Six writing analysis tools


Warning: this post might seriously waste your time!


Another day idly watching my twitter stream go by… I came across one of those links that analyze your writing for you (I can’t remember where from now). It’s fun to know about your writing, and some of these might even in fact have a pedagogical use too.  This is a short little post but that could end up wasting a LOT of time 🙂

1 Vocab Profiler – This is a great site of more pedagogical value. Paste in a text, and it shows you through a system of colours the frequency of the words. In their own words “Vocabulary Profilers break texts down by word frequencies in the language at large.” I used this tool quite a bit when writing low level texts or adapting texts for lower levels (I used something similar for a graded reader I wrote which never in the end saw the light of day… but that’s another story). I think this tool is a favourite of Scott Thornbury‘s too, or at least it was!

2 I write likeThis website says the following: “Check which famous writer you write like with this statistical analysis tool, which analyzes your word choice and writing style and compares them with those of the famous writers.” Then it gives you a little badge you can put on the blog. When I pasted some of my text I got the following. Cool! (or should I say ‘spiffing’?)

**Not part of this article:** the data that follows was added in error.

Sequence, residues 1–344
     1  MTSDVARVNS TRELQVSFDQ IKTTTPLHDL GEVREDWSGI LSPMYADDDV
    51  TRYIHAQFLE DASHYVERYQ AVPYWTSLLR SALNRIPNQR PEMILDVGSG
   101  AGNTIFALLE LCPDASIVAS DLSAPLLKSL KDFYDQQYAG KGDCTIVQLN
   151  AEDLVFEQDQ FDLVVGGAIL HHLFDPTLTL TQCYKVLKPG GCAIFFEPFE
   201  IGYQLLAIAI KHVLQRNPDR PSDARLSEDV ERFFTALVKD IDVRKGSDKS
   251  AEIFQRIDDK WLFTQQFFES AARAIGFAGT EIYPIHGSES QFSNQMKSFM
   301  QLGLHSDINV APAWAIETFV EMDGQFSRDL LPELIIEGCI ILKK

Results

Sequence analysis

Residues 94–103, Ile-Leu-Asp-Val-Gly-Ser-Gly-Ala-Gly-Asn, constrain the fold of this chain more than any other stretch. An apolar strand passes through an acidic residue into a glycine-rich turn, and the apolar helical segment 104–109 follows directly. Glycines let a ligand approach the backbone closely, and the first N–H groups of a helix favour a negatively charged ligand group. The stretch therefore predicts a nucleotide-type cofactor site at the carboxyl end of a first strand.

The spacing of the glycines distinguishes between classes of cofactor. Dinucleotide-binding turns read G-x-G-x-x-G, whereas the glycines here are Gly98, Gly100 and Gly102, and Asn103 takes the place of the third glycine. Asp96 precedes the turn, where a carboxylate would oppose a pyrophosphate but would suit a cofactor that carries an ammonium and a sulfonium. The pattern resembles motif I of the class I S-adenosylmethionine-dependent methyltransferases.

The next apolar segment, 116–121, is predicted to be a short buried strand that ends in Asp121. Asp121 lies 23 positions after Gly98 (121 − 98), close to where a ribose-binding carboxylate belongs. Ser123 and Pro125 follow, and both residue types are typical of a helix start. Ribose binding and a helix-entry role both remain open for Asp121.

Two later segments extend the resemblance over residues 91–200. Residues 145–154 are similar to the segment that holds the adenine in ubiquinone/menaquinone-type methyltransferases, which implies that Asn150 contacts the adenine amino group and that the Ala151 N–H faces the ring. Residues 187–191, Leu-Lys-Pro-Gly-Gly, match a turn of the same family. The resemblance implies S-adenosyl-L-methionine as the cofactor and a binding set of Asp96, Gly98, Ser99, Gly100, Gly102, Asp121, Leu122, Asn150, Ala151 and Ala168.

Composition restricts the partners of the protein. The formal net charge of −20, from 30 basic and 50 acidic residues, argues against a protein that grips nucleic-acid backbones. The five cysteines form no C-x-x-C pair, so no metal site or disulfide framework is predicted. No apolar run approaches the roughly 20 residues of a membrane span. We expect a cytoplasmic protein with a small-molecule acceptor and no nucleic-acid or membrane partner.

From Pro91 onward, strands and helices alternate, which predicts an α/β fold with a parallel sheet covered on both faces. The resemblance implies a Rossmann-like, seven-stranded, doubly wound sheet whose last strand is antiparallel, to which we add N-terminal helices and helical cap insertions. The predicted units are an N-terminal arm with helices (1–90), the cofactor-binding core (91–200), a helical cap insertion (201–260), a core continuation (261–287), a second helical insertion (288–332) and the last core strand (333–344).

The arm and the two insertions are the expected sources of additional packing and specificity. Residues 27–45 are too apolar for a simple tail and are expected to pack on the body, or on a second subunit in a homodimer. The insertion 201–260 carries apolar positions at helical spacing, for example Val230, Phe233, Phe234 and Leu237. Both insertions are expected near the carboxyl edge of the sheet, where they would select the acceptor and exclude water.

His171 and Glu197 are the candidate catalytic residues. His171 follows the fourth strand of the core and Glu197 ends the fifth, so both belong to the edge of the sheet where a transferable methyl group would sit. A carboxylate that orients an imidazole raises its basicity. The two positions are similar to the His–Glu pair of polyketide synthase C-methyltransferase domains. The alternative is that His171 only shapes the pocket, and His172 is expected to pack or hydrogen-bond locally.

I write like
P. G. Wodehouse

I Write Like by Mémoires, Mac journal software. Analyze your writing!

3 OFaust – This site does the same as I write like, but you can also enter your blog url to analyze a larger sample. According to oFaust, I have a slight similarity to Lewis Carroll on my blog (a 22% likeness!)

4 Gender Genie – This one made the rounds a little while ago. It analyses a piece of writing and tells you if it’s more masculine or feminine. It seems to have become a bit more sophisticated recently and you can specify the genre. When I entered some of my writing I came up as Male (195 score) but a high level of female there too (105 score). I guess that’s because I have a girl’s name…

5 Text Content Analyser Getting more serious again now this site seems a bit more like a simplified Vocab Profiler (from above). It gave me the number of words according to numbers of letters which didn’t feel that useful. But it also gave information about lexical density, and something called the Gunning Fog index, which tells you what level of education (American education) your reader needs to have to understand. My writing requires a grade eight education to read which is either a testament to my clear and incisive prose or shows that I’ve been writing simplified grammar exercises and texts too long perhaps.

6 I actually write like

If all this is going to your head, then the last site brings you back down to earth hard. It also analyzes your text and lets you put a badge on your blog like the one above. Here’s what I got…


I actually write like
a moonstruck lunatic possibly actually wearing a straightjacket

I Actually Write Like Analyze your writing!

Published in: on October 7, 2010 at 12:54 pm  Comments (6)  
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6 CommentsLeave a comment

  1. Thanks for the time waste!

    I just put my dissertation into the ‘Gender Genie’ and as you can probably guess it was decidedly male! Academic writing conventions bah humbug!